Graham Taylor will spend the next 48 hours or so agonising over Gascoigne's readiness to return for England's first tie in qualifying Group Two, at home to Norway on Wednesday.
The manager's eagerness to have his best player at the hub of the team is tempered by the certain knowledge that Gascoigne is not yet fit enough to last the full 90 minutes. Taylor is unsure whether to start with him, and bring him off in the second half, or introduce him at some stage in the hope that he can quickly pick up the pace of the game from cold.
It is a tricky decision, but the man himself has no doubts. Gazza wants to play. 'Of course I want to be out there,' he said. 'The last World Cup was the best experience of my life. Fantastic. It is important that we win on Wednesday - important for the players, important for England and important for the manager.'
For his part, Taylor is anxious to play down the tie's significance. 'If, God forbid, we lose this one, all hell will break loose, but it won't mean we won't qualify. There are nine more games after this one, and in 1982 we lost three and still got through.'
True enough, but 'Defeat won't be catastrophic' is hardly the most inspiring of battle-cries, and a third loss in succession, after Sweden
(1-2) and Spain (0-1), could damage morale beyond early repair.
In more positive mode, Taylor is billing the World Cup as 'a new start with a clean sheet'. It was time to forget the European Championship debacle. 'What is past is past.'
The players were in good spirits, he said - 'and not just because of the inclusion of Gascoigne'. There was a 'brightness and desire' about the squad. 'This is a new beginning.'
Leeds' success in Barcelona on Friday had fuelled a burgeoning optimism. The England players had watched the match on television at their Bisham Abbey base, and had been encouraged by its outcome.
It had also been a welcome diversion from The Great Gazza Debate. Should he or shouldn't he?
Taylor had given his inclusion a lot of thought, and was still undecided, spelling out the dilemma as follows: 'If Paul starts the game, there is no way he is going to finish it, so I've got to pick what amounts to a 12-man side, and if I have him on the bench, the clamour for him to get on will be tremendous, and unfair on the others.
'I could have him among the substitutes and not need him, and then the demand from the crowd to bring him on could create a situation we don't want.'
Balance was another consideration. 'Bear in mind that we are likely to be up against a strong, five- man midfield. If we play Paul, how much protection are we going to have to give him to allow him to play the way he wants to play?'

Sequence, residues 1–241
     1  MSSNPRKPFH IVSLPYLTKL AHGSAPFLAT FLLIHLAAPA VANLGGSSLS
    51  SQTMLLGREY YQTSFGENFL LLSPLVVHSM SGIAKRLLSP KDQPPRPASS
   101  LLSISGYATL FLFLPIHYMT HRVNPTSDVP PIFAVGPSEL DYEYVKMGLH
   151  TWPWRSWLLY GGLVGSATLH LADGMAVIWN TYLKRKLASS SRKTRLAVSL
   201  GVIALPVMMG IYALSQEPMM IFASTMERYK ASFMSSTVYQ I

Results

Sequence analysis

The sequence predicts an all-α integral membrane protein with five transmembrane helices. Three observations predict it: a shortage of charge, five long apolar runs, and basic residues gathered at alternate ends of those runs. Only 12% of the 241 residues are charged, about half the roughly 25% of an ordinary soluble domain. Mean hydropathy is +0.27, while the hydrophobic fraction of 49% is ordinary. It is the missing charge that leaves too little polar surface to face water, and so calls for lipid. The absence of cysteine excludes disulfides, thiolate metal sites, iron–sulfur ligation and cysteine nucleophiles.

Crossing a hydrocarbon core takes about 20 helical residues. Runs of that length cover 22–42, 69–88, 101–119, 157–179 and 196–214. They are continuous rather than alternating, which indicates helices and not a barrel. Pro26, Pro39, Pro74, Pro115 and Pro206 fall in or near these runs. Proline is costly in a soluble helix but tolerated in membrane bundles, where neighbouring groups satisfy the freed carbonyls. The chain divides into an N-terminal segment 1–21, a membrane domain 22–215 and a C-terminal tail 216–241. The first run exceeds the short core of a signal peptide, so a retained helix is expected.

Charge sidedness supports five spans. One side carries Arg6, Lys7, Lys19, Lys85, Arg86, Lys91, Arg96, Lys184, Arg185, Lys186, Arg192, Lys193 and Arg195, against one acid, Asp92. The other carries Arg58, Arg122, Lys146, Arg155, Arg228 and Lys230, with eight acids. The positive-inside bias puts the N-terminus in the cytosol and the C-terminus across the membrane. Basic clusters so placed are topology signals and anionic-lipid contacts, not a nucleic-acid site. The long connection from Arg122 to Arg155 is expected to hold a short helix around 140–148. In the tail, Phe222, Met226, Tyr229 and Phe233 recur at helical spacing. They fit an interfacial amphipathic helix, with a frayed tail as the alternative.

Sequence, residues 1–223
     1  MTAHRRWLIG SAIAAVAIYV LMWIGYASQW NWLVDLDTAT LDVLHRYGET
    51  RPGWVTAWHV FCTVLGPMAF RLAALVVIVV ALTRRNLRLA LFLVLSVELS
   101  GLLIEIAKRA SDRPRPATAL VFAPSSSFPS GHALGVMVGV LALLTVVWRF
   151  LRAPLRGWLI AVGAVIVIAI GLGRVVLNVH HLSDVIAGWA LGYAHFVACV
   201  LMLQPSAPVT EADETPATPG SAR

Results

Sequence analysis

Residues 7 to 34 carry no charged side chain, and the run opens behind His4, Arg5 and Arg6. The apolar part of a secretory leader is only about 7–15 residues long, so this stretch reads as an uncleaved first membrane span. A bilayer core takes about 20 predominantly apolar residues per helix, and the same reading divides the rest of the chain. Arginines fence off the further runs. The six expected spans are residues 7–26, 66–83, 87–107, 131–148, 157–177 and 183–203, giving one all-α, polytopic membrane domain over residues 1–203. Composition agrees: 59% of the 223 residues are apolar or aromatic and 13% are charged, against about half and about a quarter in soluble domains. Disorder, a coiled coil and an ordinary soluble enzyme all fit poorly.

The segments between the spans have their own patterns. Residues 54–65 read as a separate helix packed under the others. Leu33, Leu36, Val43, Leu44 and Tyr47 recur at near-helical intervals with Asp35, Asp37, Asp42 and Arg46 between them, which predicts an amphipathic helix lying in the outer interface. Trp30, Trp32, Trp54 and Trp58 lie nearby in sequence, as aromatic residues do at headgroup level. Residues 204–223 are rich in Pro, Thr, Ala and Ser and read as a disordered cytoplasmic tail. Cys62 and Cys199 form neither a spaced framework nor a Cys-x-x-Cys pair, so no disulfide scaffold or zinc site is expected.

Taylor admitted that the equation had been further complicated by the injury to Trevor Steven, whose energy and experience would have made him Gascoigne's ideal running mate. 'It is not an easy decision. I want to see Paul in action in training for another day or two before I make up my mind.'
Norway come to Wembley with maximum points from their first three qualifiers, and a 14-1 goal difference after beating San Marino at home (10-0) and away (2-0) and the Netherlands in Oslo (2-1). An eye-opening start, but no surprise to Taylor. He has done his homework, and cites the Norwegians' progress, and the work which lies behind it, as a shining example to England.
'One of the things I like about them is that they play with three centre-backs, not with a sweeper. Tore Pedersen is their right central defender with Rune Bratseth in the middle and Roger Nilsen on the left. Just in front of them, they have Gunnar Halle and Stig Bjornebye.
'They don't man-mark, they stay in zonal areas, but if they need a back four they bring Halle back on the right and Pedersen can play centre-back with Bratseth, with Nilsen at left-back. If they need to do it another way, Bjornebye goes to left-back, Nilsen plays off Bratseth and Pedersen becomes right-back.
Norway are not saddled with England's burden of expectation, and have the time to change direction and develop carefully, along progressive lines, without the win-or-else pressure. Emerald with envy, Taylor said: 'They have accepted that they are not going to win the World Cup just yet, and have instead concentrated on an international development programme, starting with their 14-year-olds.
'Success has come from everyone agreeing that the international teams should be their priority. They have done what we should be doing: drawing up a 10 or 12-year development programme that takes in the next three World Cups, and looking down as far as the Under-16s.
'Unfortunately, when you get to that level you run into schools jurisdiction, and problems.' After club v country, Taylor v Mr Chips. If England are mastered on Wednesday, he may have had his.Reuse content